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By Jamie McGeever and Gabriel Ponte
BRASILIA, June 18 (Reuters) – Brazilian economy ministry and central bank officials on Thursday stressed the need for the government to stick to its fiscal rules and keep a tight control on public spending as soon as the COVID-19 crisis passes.
The warnings from three senior figures came on a day of volatility and big moves in currency and interest rate markets, against a backdrop of rising domestic political tension and a new low for official borrowing costs.
Economic Policy Secretary Adolfo Sachsida, the central bank’s monetary policy director Bruno Serra and Treasury Secretary Mansueto Almeida all said maintaining the government’s spending cap was crucial to Brazil’s economic future.
“If the government is unable to resist this pressure (to relax the rule), we run the risk of interest rates rising, and country risk and uncertainty increasing,” Almeida said in an online event hosted by Infomoney.
Earlier, Serra said in another online event that the spending cap, which limits the growth in public spending and investment to the previous year’s rate of inflation, is “crucial” to sound fiscal and monetary policy,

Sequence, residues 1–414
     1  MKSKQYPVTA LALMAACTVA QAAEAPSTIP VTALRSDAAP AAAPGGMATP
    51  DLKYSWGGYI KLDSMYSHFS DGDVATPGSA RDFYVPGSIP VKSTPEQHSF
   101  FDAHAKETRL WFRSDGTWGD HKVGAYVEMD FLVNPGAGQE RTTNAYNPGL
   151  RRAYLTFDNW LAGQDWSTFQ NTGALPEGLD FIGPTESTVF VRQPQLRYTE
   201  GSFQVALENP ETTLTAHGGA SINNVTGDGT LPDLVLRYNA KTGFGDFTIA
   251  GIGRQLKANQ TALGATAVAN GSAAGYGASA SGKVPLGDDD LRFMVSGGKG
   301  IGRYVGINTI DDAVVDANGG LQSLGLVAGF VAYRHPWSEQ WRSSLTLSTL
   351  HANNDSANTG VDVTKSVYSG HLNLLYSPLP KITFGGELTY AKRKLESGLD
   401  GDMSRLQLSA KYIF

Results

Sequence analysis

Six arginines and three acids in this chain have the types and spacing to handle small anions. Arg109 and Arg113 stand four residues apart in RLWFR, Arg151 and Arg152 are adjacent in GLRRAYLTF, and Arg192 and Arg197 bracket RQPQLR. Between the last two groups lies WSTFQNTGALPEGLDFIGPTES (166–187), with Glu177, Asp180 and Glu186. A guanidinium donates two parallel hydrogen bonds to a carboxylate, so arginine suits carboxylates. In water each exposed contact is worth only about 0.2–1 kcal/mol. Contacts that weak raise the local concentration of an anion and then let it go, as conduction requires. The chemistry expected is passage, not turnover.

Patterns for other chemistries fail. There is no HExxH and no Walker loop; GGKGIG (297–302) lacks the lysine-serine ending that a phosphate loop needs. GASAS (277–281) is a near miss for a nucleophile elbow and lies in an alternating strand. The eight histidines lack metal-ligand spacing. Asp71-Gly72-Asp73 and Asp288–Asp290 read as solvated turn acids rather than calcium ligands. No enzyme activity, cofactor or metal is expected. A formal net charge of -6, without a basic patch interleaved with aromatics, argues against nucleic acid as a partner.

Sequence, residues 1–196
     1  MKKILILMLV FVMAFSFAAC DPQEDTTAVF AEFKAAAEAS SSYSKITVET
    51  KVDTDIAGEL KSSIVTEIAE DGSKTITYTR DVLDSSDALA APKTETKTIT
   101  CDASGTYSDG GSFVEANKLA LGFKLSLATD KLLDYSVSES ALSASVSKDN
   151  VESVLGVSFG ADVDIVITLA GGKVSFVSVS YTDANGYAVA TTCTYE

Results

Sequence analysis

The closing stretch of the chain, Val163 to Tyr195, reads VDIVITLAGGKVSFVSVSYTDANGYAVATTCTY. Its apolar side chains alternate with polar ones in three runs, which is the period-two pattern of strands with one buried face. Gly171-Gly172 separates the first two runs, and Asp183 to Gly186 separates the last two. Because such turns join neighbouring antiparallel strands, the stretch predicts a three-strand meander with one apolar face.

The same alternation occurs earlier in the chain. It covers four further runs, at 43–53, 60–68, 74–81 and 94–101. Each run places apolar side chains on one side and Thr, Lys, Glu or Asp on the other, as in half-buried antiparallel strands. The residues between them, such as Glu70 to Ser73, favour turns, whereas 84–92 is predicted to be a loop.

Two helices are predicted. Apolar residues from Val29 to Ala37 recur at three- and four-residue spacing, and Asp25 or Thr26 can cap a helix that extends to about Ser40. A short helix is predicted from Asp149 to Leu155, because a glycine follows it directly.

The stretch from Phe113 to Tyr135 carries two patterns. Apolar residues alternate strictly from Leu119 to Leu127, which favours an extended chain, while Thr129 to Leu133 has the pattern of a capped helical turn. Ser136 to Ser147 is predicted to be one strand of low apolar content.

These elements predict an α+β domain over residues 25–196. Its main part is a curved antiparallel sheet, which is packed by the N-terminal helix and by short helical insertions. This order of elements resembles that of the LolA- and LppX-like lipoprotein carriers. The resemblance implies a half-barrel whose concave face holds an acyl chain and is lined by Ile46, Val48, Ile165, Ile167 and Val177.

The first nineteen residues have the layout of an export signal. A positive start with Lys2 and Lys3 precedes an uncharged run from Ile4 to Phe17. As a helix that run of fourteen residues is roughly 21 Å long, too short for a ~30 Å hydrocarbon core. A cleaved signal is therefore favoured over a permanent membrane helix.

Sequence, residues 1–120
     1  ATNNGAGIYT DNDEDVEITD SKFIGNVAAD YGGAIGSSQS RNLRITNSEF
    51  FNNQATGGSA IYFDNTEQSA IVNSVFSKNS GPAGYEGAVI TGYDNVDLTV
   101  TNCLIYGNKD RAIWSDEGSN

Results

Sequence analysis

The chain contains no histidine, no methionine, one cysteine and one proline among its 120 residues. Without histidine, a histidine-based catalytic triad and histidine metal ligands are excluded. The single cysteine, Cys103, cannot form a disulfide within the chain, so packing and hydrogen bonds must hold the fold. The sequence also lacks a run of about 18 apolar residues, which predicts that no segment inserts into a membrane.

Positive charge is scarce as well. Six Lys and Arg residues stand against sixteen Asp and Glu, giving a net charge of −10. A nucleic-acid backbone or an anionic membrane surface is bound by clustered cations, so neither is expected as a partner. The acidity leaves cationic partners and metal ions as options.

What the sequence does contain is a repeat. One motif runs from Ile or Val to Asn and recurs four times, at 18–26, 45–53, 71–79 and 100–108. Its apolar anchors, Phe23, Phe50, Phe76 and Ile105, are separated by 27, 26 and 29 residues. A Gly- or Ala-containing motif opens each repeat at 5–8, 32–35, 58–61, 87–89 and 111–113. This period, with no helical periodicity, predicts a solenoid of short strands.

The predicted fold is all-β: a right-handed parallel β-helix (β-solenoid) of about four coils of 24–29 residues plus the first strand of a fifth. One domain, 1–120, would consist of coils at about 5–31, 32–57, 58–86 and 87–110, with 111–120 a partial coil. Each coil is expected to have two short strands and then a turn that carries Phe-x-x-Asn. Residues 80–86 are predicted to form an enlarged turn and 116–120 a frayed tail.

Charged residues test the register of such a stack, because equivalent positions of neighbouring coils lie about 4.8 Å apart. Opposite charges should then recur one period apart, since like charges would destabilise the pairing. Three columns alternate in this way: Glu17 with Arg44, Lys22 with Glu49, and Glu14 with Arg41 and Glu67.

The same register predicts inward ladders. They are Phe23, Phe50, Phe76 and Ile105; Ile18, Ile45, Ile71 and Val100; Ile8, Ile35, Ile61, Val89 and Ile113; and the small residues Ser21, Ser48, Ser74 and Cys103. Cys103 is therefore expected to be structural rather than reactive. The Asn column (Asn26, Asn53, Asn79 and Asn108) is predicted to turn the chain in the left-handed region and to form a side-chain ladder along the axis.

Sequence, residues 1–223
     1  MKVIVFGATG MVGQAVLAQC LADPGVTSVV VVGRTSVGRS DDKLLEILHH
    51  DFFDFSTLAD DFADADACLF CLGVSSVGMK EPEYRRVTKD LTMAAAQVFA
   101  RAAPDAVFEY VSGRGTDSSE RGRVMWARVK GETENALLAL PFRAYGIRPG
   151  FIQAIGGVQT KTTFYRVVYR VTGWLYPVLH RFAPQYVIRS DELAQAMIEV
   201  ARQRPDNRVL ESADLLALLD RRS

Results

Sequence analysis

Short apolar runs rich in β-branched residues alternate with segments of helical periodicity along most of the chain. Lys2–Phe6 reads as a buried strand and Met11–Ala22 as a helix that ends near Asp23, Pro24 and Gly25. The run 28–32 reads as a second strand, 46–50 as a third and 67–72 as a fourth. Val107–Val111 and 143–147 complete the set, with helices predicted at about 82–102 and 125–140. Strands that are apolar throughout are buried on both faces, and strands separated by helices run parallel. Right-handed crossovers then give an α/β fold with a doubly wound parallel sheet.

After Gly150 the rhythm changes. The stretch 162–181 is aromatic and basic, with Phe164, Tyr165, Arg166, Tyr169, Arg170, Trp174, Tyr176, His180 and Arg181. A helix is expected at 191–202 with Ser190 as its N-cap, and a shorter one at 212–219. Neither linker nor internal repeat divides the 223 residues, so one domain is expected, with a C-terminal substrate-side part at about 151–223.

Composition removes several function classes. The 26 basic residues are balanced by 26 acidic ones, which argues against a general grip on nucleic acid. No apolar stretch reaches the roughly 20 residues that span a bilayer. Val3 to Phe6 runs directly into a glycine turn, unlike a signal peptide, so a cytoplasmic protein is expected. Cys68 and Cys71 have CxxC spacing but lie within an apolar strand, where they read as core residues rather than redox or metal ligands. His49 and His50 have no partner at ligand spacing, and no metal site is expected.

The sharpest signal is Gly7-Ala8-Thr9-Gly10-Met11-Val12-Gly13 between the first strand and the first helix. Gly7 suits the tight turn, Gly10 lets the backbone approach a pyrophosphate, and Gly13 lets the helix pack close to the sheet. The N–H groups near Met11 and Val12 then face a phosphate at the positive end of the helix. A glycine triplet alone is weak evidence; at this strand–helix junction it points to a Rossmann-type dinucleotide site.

Almeida noted that government debt will surge this year to around 95% of gross domestic product, and that Brazil has a two-year window to show markets it is committed to a course of fiscal rectitude.
Speaking in the same event as Serra, Sachsida said Brazil must get debt-to-GDP on a downward and sustainable path.
The real fell 2% and the interest rate curve steepened on Thursday, a day of political drama as the education minister quit and a former aide to one of President Jair Bolsonaro’s sons was arrested.
Traders said these events, coming after the central bank cut interest rates to a new low of 2.25%, raised doubts about the government’s ability to push through the reforms deemed so critical to Brazil’s economic well-being. (Reporting by Jamie McGeever and Gabriel Ponte Editing by Chris Reese)
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